• Prejudges a pending issue in a court proceeding, where such prejudgment prejudices or interferes with the course of any pending court proceeding (or poses a real risk to or interference with the same); or
  • Otherwise does so.

Under section 5 of the AJPA, unauthorised recordings (both audio and video) of court proceedings are also considered to be in contempt of court.

Defences to Contempt of Court

Fair criticism (contempt by scandalising the court only)

Fair criticism is a defence only in relation to contempt by scandalising the court. It can be found in Explanation 1 to section 3(1) of the AJPA.

It was held in Au Wai Pang that criticism was said to be fair when there is a rational basis for the criticism and such rational basis is accurately stated.

Fair and accurate report made in good faith

A fair and accurate report of court proceedings will not constitute contempt of court if it is published in good faith, under section 14 of the AJPA.

The court will consider a wide spectrum of factors when determining whether a report was made in good faith. These factors include:

  • Whether there is some reason or basis for the report;
  • Whether the report was expressed in a temperate and dispassionate manner; and
  • The attitude of the individual who published the report in court.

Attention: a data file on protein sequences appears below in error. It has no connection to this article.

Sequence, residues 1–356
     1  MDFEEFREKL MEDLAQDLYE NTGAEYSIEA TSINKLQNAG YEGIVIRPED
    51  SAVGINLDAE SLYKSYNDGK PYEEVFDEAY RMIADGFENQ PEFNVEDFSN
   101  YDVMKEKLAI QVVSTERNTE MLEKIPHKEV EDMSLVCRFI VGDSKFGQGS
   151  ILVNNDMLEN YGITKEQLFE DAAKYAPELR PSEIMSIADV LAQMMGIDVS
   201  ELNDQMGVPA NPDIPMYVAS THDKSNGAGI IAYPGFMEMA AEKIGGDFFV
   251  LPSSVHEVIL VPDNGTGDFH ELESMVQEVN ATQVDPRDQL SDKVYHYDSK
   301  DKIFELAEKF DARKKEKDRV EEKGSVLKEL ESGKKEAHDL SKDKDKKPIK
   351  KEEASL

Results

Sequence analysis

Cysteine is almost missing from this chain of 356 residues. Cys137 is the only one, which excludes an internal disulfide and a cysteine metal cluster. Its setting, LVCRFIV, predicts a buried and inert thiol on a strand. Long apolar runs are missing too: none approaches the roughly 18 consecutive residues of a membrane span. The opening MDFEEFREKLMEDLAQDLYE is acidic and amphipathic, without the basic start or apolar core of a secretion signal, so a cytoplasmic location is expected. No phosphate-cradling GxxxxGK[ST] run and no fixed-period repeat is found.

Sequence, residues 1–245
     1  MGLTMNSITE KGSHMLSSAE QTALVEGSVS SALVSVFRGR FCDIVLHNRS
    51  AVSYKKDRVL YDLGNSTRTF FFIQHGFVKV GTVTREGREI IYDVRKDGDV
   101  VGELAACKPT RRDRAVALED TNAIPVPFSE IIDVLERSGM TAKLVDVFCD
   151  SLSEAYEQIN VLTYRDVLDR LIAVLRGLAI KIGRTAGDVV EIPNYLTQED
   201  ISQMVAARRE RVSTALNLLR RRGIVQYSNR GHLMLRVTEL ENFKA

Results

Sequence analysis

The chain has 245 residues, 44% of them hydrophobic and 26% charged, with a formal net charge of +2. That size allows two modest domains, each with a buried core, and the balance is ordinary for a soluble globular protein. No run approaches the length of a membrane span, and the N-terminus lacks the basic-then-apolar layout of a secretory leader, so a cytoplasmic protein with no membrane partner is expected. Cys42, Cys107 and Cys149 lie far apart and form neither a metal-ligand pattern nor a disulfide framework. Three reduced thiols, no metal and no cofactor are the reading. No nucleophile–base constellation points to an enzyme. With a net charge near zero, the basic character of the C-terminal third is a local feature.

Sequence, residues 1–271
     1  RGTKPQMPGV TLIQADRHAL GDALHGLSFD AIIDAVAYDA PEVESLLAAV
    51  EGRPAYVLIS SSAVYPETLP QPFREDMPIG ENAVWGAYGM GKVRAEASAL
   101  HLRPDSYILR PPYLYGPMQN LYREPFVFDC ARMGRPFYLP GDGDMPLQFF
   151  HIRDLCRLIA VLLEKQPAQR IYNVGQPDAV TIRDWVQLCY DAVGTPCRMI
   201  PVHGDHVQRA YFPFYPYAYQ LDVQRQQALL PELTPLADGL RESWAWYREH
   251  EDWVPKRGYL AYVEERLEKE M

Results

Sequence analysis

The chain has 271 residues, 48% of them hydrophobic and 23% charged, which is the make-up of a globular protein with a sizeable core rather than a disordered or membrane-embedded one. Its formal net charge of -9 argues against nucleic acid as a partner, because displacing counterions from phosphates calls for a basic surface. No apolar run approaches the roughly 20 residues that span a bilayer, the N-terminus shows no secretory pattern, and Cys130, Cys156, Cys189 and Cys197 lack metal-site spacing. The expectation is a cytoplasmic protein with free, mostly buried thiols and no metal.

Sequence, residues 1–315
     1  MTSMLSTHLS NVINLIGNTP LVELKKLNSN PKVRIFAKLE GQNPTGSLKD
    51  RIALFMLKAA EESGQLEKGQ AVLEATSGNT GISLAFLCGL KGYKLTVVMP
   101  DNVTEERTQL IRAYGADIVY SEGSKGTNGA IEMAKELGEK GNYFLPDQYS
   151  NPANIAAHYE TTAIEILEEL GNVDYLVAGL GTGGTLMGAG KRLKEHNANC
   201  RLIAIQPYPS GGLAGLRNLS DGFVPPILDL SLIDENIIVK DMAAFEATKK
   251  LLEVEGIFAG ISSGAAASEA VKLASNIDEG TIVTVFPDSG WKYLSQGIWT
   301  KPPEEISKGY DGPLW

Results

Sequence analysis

In addition, under section 16 of the AJPA, reports which allege corruption or misconduct of a judge will not constitute contempt of court if such reports:

  • Are made in good faith; and
  • Disclose grounds which, if unrebutted, would provide a sufficient basis for the investigation of the allegation of misconduct or corruption.

The filing of any action, application, affidavit or pleadings against a judge (including an application seeking the disqualification of any judge) will also not constitute contempt of court if such filing was done in good faith.

Innocent publication

Anyone who exercises editorial responsibility or other control over a publication will not be guilty of contempt of court if such publication was done:

  • Without his or her authority, consent or knowledge; and
  • Without any want of due care or caution on his or her part.

This defence is provided for under section 18 of the AJPA. However, that person cannot be the author of the publication, i.e. the originator of the matter published.

Penalties for Contempt of Court

The penalties for contempt of court differ depending on the level of court exercising the power to punish for contempt as follows:

  • Where the power to punish for contempt is exercised by the General Division of the High Court, by the Appellate Division of the High Court or by the Court of Appeal: Fined up to $100,000 and/or jailed for up to 3 years.
  • Where the power to punish for contempt is exercised by the General Division of the High Court in relation to contempt in the face of or in connection with any proceedings in a State Court, Family Court or Youth Court: Fined up to $20,000 and/or jailed for up to 12 months.
  • Where the power to punish for contempt is exercised by any other court: Fined up to $20,000 and/or jailed for up to 12 months.

The court may additionally make an order that the contemnor publish a notice in a manner the court thinks necessary to apologise for the contemptuous publication.

Contempt of court should not be taken lightly.

Individuals are advised to be careful when writing commentaries or reports, especially where these relate to the judiciary.